On New Year’s Day, the oldest of the Baby Boomers turned 65 years old, and immediately qualified for Medicare benefits. Millions more Boomers will follow them in the next two decades, putting major strains on the government health program that has benefited the Boomers’ parents and grandparents.
“They took a running dive into adolescence and went on to redefine work and family, but getting old is making them nervous,” according to a news report on an Associated Press/GfK poll released last week.
By a ratio of 2-to-1, baby boomers fear they won’t be able to rely on Medicare throughout their own retirement, the pollsters concluded. Forty-three percent of the Boomers polled said they didn’t expect Medicare to last their lifetimes, while only 20 percent think it will.
Yet the AP/GfK poll found Boomers willing to accept trade-offs if that helps avoid cuts in benefits. In just one example, 63 percent of the Boomers surveyed said the eligibility age for Medicare benefits shouldn’t be raised from 65, despite the fact that the eligibility age for maximum Social Security benefits is gradually being increased to 67. However, when pressed by the pollsters, 59 percent of those surveyed said they would accept an increase in eligibility age to preserve benefits.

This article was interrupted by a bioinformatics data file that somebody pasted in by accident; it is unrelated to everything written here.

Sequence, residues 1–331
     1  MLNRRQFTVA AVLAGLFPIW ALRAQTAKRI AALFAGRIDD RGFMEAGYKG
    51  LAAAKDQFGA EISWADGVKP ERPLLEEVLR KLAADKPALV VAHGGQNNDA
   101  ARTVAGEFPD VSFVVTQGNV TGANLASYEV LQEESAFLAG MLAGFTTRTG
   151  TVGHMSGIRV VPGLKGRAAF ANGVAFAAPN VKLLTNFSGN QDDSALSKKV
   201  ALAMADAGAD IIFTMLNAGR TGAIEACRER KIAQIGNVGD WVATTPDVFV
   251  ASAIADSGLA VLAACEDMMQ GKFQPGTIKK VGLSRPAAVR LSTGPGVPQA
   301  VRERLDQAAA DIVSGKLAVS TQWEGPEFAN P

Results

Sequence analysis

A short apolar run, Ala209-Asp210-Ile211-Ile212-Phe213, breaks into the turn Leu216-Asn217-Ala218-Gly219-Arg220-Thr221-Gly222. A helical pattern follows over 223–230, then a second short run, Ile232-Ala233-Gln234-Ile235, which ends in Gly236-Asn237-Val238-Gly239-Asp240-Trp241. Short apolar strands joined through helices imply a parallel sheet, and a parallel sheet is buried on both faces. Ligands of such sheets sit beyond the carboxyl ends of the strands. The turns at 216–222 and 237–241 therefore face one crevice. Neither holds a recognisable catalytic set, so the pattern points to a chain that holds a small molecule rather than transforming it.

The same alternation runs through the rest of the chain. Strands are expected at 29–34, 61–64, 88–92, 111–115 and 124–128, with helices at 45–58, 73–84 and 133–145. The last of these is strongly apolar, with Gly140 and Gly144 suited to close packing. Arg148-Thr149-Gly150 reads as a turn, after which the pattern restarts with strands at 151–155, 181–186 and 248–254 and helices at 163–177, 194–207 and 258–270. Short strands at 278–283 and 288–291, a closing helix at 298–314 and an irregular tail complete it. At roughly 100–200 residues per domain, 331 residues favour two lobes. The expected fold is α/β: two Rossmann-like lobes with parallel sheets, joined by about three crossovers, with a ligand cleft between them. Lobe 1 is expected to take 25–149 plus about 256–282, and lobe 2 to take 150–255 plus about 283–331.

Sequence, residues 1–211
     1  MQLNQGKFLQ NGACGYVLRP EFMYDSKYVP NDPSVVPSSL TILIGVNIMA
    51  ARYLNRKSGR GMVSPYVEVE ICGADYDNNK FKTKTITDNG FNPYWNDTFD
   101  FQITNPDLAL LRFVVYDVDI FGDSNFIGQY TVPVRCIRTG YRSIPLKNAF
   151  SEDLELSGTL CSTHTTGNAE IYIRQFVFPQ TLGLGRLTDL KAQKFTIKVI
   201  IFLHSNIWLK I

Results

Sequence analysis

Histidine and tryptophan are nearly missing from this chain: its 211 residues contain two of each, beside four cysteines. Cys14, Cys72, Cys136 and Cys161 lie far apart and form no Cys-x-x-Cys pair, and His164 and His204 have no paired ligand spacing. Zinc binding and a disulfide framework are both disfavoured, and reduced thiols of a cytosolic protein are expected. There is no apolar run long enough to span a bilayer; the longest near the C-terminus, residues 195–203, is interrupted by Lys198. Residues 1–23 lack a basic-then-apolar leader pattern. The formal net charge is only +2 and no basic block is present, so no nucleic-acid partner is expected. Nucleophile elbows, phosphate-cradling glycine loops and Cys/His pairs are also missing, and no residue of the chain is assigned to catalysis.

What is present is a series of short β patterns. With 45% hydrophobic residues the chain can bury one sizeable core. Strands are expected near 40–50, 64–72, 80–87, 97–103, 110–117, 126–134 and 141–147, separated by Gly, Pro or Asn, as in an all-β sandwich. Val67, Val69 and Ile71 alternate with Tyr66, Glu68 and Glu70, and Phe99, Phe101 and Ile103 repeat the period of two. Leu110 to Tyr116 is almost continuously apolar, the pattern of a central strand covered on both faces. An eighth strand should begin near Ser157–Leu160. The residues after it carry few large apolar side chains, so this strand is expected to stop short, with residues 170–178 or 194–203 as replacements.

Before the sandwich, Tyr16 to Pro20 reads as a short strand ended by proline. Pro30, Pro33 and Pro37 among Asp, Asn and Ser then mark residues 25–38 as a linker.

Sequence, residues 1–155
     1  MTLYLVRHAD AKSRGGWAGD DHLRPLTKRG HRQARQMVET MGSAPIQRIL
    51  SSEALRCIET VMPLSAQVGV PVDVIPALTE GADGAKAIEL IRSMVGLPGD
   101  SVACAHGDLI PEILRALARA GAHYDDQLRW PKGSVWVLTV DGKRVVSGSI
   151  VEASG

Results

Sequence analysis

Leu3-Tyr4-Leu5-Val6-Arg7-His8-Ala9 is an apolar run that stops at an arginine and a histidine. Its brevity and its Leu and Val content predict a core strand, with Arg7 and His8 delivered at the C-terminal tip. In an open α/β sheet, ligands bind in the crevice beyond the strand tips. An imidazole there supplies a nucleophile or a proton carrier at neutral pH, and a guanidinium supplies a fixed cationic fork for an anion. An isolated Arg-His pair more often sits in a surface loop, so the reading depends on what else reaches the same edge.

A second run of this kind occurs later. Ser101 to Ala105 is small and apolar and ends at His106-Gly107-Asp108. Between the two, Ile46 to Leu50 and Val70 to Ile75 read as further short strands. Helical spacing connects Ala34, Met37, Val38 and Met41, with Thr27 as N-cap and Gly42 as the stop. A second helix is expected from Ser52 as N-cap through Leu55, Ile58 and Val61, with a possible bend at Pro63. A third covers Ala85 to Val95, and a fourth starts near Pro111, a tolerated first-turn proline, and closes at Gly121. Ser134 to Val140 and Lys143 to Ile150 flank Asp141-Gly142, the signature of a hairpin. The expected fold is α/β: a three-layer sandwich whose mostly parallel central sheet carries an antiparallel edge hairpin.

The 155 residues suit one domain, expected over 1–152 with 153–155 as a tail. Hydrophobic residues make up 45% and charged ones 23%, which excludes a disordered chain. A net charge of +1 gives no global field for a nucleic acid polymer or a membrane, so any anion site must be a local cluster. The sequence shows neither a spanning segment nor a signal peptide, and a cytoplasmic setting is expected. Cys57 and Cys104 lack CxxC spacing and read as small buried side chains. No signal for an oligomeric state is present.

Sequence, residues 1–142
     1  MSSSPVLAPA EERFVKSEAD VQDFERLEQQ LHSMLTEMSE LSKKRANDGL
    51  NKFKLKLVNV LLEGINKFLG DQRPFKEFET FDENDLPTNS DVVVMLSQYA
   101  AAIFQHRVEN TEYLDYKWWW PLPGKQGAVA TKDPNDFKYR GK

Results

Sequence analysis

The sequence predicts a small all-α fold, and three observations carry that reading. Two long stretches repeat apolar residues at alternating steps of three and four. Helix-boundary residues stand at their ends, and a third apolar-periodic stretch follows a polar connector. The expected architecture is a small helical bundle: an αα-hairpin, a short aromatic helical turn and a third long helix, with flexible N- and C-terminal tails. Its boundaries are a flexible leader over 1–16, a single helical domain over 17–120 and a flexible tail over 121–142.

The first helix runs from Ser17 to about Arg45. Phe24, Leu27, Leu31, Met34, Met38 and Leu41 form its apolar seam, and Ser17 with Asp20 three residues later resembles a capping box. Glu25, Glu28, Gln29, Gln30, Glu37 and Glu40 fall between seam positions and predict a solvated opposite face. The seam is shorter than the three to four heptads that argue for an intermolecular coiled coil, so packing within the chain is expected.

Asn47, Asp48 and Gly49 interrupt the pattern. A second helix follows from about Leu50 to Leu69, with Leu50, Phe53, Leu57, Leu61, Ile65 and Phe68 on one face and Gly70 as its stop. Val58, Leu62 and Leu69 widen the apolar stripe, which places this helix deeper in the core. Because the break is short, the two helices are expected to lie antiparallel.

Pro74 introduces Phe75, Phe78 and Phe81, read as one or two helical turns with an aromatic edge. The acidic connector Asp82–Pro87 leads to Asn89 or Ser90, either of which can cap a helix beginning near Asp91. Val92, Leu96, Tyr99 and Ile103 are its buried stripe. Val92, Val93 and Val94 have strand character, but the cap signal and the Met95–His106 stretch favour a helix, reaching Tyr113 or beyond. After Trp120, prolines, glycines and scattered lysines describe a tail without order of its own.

No matter what, some changes will be needed to accommodate all the Boomers who will be crossing over into retirement in the next 20 years. “The 800-pound gorilla is eating like mad and growing to 1,200 pounds,” according to an economist quoted in the AP story.
So where’s the line for you?
What tradeoffs would you make?
Please, “Comment” below.
(Dr. Baker is away and has invited writer Terry Gallagher to carry us through the year-end holidays.)